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How to write a killer crime novel, by Val McDermid (who’s sold 15 million of her own)

marieclaire.co.uk – Tuesday September 25, 2018

For the first in our new Writers Bloc series, prolific crime writer Val McDermid tells Charlotte Philby the secret to writing 32 books in as many years

Val McDermid is the multi award-winning author of 32 crime novels, which have sold more than 15 million copies worldwide and been translated into 40 languages. She is married to the professor Jo Sharp, and has a teenage son. McDermid divides her time between Cheshire and Edinburgh. Her latest novel Broken Ground is published by Little Brown (£18.99)

You’ve written 32 books in as many years with no signs of abating, and had your work adapted for TV. What are the most important lessons you’ve learnt about successfully drawing readers into the worlds you create?

[Read the full article]

$400M Fiction Giant Wattpad Wants To Be Your Literary Agent

forbes.com – Monday September 24, 2018

It took a less than an hour in 2013 for Anna Todd to change her life. The Army wife and part-time babysitter had spent a lot of time reading fan fiction, stories by amateur writers about existing fictional universes and real-life celebrities. So her erotic tale about Tessa and Hardin—a wholesome college freshman and a tattooed bad boy who is a thinly veiled stand-in for singer Harry Styles—came together quickly when she sat down to type the first chapter of After on her phone. Todd posted it to Wattpad, one of the world’s largest destinations for online reading and writing.

[Read the full article]

FutureBook teams with The Pigeonhole for writing competition

thebookseller.com – Friday September 21, 2018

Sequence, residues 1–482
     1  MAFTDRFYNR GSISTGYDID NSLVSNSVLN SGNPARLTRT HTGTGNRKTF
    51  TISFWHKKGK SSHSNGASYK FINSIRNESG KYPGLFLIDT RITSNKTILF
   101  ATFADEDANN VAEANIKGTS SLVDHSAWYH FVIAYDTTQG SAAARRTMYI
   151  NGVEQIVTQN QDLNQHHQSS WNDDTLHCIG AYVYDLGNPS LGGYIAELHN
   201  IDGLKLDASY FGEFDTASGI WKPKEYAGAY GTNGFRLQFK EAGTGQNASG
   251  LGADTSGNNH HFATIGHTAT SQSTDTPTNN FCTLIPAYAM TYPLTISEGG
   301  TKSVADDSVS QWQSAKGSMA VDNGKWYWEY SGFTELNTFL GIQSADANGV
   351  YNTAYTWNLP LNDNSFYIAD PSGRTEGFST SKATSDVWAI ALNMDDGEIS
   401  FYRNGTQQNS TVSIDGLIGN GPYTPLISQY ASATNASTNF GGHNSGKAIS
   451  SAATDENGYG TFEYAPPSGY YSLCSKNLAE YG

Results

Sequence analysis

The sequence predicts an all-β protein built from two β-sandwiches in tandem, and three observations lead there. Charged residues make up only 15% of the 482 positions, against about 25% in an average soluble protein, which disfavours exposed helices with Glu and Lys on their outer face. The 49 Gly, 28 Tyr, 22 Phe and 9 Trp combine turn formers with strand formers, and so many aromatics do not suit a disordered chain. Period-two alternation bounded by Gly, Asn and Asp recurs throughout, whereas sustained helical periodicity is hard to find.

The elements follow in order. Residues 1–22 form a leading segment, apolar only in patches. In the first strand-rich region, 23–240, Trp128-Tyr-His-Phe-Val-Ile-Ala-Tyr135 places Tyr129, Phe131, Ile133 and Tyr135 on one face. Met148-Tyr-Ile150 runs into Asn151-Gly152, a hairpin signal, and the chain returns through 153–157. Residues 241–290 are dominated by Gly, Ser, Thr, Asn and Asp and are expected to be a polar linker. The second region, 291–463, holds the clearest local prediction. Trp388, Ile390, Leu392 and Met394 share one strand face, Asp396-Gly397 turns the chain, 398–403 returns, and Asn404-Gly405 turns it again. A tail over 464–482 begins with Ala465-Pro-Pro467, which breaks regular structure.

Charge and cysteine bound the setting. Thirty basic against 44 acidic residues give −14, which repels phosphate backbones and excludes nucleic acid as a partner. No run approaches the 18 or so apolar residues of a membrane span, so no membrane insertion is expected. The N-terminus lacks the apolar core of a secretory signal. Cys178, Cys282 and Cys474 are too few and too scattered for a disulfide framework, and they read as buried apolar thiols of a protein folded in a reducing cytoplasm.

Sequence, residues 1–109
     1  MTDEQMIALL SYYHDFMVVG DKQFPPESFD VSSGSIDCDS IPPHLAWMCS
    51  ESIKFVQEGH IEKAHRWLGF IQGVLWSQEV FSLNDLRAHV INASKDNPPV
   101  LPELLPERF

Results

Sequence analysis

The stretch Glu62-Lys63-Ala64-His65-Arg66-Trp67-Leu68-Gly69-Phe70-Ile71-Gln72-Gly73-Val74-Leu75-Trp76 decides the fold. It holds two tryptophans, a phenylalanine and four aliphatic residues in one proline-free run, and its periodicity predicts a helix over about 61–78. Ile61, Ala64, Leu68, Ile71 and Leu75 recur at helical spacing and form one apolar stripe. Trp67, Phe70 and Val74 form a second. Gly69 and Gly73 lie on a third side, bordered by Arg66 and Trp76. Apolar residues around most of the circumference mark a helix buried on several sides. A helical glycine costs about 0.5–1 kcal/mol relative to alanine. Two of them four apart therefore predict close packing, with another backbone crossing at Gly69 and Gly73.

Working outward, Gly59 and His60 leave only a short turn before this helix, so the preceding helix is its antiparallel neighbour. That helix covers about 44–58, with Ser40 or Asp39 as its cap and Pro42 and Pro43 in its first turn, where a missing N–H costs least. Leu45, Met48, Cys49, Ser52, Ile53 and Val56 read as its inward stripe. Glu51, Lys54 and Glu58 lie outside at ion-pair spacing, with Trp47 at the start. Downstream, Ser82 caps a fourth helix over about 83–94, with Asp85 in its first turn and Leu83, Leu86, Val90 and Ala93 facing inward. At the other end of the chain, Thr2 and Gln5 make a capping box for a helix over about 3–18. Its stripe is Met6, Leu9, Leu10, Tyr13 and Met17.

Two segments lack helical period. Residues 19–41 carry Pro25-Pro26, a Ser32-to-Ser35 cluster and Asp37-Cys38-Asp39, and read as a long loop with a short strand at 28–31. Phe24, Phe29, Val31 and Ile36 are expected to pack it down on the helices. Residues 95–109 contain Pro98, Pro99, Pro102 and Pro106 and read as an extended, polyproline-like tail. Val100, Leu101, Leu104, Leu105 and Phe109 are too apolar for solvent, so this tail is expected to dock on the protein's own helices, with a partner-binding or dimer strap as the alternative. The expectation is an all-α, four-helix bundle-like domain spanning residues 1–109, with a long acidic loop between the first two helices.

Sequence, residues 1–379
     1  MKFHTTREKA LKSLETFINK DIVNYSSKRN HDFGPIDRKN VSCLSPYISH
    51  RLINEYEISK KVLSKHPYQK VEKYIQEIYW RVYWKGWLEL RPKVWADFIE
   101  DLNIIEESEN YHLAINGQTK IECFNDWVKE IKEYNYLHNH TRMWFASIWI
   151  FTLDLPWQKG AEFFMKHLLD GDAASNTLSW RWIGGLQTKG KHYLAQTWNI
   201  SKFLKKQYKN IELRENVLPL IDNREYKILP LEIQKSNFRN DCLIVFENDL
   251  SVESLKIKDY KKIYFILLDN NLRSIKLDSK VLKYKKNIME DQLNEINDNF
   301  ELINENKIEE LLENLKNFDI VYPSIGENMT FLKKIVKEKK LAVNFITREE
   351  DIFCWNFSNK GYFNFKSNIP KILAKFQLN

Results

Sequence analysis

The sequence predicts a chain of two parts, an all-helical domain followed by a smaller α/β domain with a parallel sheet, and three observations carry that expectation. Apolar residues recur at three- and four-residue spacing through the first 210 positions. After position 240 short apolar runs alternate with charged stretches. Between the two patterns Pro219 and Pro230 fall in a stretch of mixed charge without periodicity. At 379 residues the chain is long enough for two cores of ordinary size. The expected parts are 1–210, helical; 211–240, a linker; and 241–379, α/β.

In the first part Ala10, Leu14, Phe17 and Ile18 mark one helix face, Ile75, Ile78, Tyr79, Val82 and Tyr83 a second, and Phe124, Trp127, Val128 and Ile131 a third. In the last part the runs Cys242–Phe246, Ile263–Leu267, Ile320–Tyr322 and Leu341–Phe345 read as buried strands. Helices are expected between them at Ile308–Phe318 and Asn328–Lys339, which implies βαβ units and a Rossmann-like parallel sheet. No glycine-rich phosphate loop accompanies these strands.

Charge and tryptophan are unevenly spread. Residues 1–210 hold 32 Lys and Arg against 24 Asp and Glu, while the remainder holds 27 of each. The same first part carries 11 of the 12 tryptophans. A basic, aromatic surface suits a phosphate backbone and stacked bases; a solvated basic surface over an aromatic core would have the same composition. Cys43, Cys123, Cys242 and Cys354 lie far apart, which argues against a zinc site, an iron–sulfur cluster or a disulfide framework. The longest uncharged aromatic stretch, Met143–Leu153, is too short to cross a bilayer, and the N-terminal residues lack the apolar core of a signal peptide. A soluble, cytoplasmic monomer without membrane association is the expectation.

FutureBook is partnering with social reading app The Pigeonhole to run a short story competition exploring the future of the book. The winning author is to be hosted at the FutureBook Conference, 30th November.

Judges will be Molly Flatt, author and associate editor of FutureBook; Anna Jean Hughes, founder of The Pigeonhole; and Tom Hunter, director of the Arthur C.Clarke Award for Science Fiction.

[Read the full article]

The Writing Dead

nytimes.com – Friday September 21, 2018

The mystery novelist Reed Farrel Coleman was watching TV in May 2013 when his agent called and asked him, “How would you like to be Robert B. Parker?”

“It took me about a nanosecond to say yes,” Coleman wrote on his website. “We all dream about unexpected magical moments — chance encounters, phone calls, emails — that will transform us, but do we ever believe they will happen?”

These days, when a popular author dies, financially savvy heirs often commission someone to keep writing his or her books. (There’s even a term for this: “continuation literature.”) Sophie Hannah writes Agatha Christie novels; David Lagercrantz channels Stieg Larsson; Anthony Horowitz has taken on Ian Fleming. That’s what Robert B. Parker’s family decided to do when the crime novelist died in 2010. “Spenser was a cash cow,” Parker’s wife, Joan, told The Boston Globe in 2012, referring to her husband’s most beloved character, a Boston private eye. “And we felt that Bob would want to see Spenser live on.” In 2011, they hired Ace Atkins to write more Spenser novels, and in 2013 they asked Coleman to take on a different series, the one starring the Massachusetts cop Jesse Stone.

For Coleman, saying yes was the easy part. “It’s one thing to be offered to step into a great man’s shoes. It is quite another to stare at the blank screen and figure out what to do,” he says ruefully. So he called Atkins. “He gave me some tips on how my life was about to change,” Coleman says. “He suggested that I never go to the fan sites. Of course, that was the first thing I did.”